Consumer interest in the sector has undeniably grown. HelloFresh has increased user numbers by 40% to 1.8 million globally in the past year. In the UK, Gousto has seen sales growth of around 100% over the past 12 months, and has just reached annualised sales over £100m for the first time.
“A billion meals are eaten in the UK alone each month,” believes Gousto CEO Timo Boldt. “And we are selling 1.5 million a month. The proportion we deliver is tiny and we are only scratching the surface.”
Gousto experienced a £13m pre-tax loss in its last reported financial year, but that has clearly not scared off investors. The business has secured more than £46m in funding since that financial period.
The decline of Blue Apron last year has highlighted the importance of marketing investment to the sector. After slashing marketing spend by 31% and 33% respectively in the final two quarters of 2017, its sales started a downward spiral resulting in six straight quarters of decreasing revenues.
When should focus shift from growth to profit? Alessandro Savelli, founder of DTC fresh pasta meals supplier Pasta Evangelists, says it’s a question he worries about “every day”.
“The balance between profitability and growth is a hard one, but one has to be very wary of being value-destructive,” he says. “Ultimately, getting people to change habits is very hard and means lots of marketing dollars, but you still need customers to make a repeat purchase if you ever want to stay afloat.”
Petrides, who has secured more than £8m from investors since leaving Propercorn to set up Allplants in 2017, says the timescale by which they will focus on profits is “yet to be decided”.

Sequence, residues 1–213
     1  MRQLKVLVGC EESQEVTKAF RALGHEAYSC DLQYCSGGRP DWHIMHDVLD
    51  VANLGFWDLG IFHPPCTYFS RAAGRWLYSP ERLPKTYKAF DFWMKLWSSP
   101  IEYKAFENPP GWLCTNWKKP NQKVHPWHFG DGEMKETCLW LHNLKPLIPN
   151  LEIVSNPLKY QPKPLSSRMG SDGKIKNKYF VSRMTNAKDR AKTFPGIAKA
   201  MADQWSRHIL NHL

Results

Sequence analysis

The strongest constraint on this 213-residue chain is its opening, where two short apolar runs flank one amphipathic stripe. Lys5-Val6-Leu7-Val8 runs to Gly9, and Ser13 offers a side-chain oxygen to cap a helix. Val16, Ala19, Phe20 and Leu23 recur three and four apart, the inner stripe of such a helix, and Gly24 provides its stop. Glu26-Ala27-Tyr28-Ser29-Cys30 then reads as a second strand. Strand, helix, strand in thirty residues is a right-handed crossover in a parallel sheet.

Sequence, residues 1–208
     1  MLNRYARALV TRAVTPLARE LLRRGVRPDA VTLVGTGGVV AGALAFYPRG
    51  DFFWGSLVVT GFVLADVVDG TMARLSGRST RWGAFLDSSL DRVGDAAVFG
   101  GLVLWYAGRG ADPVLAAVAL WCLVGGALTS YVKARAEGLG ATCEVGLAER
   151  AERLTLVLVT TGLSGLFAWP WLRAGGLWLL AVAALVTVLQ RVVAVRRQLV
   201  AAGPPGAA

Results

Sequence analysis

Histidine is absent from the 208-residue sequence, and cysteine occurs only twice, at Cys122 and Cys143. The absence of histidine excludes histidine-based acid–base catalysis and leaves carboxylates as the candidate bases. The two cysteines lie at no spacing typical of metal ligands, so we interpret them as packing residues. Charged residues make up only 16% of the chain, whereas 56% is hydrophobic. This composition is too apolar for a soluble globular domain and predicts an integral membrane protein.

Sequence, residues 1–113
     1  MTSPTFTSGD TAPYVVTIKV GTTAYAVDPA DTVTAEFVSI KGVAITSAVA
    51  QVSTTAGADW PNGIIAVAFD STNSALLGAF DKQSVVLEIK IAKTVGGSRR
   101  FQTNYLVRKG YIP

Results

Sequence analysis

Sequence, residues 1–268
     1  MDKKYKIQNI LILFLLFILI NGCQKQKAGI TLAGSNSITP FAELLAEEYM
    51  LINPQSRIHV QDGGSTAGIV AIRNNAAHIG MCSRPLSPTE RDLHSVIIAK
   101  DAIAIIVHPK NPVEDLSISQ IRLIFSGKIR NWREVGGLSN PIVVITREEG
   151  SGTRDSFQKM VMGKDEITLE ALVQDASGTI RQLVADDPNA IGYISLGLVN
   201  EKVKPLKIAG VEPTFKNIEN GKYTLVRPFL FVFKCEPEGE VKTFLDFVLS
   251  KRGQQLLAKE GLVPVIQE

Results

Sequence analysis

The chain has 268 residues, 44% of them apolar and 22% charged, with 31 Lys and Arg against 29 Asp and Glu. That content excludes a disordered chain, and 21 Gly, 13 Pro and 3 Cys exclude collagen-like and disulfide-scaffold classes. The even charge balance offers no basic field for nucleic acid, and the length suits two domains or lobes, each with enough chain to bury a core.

The difficulty in setting such a time frame raises a stark question for investors: when does the wait become too long?
US meal kit supplier Chef’d, which employed 350 staff and raised more than $35m in funding, ceased online operations in July 2018 after burning through the funds of venture capitalists and industry investors, including Campbell Soup Co and Smithfield Foods. Elsewhere, frozen meal delivery firm Everdine, backed by HelloFresh’s incubator Rocket Internet, closed its UK business in the summer after it wrote a £1.7m net loss in 2017.
While EIS and SEIS tax relief programmes in the UK help to diminish risk for these sorts of investments, the losses can still be colossal. Recent concerns from investors over when they are ever likely to see returns has seen many turn away from the sector, according to City sources.
“With Mindful Chef, a lot of people looked at it and said no because they could not get comfortable that it would ever become sustainably profitable,” one dealmaker said. “You only need to look at what has happened to the big businesses in the space to come to that conclusion, and those are the big ones who have economies of scale.”
Jonathan Buxton, who advised Piper’s investment in the healthy meal kit brand, unsurprisingly disagrees. “Mindful Chef is an exciting proposition, and the team has successfully built their customer base cost-efficiently. Customer knowledge is invaluable with e-commerce like this, and their skill there, backed by Piper, means there is huge potential.”
Investors in the industry have had a hard ride of late, but the upturn might have started. Blue Apron, described as “tarnishing” the sector by Savelli, saw value shoot 28% to $1.40 on Tuesday 15 January after announcing it was on track to be profitable in the first quarter of 2019.
While Blue Apron’s market value falls heavily short of expectations from only two years ago, investors will hope it’s a significant sign of emerging stability for an increasingly competitive sector.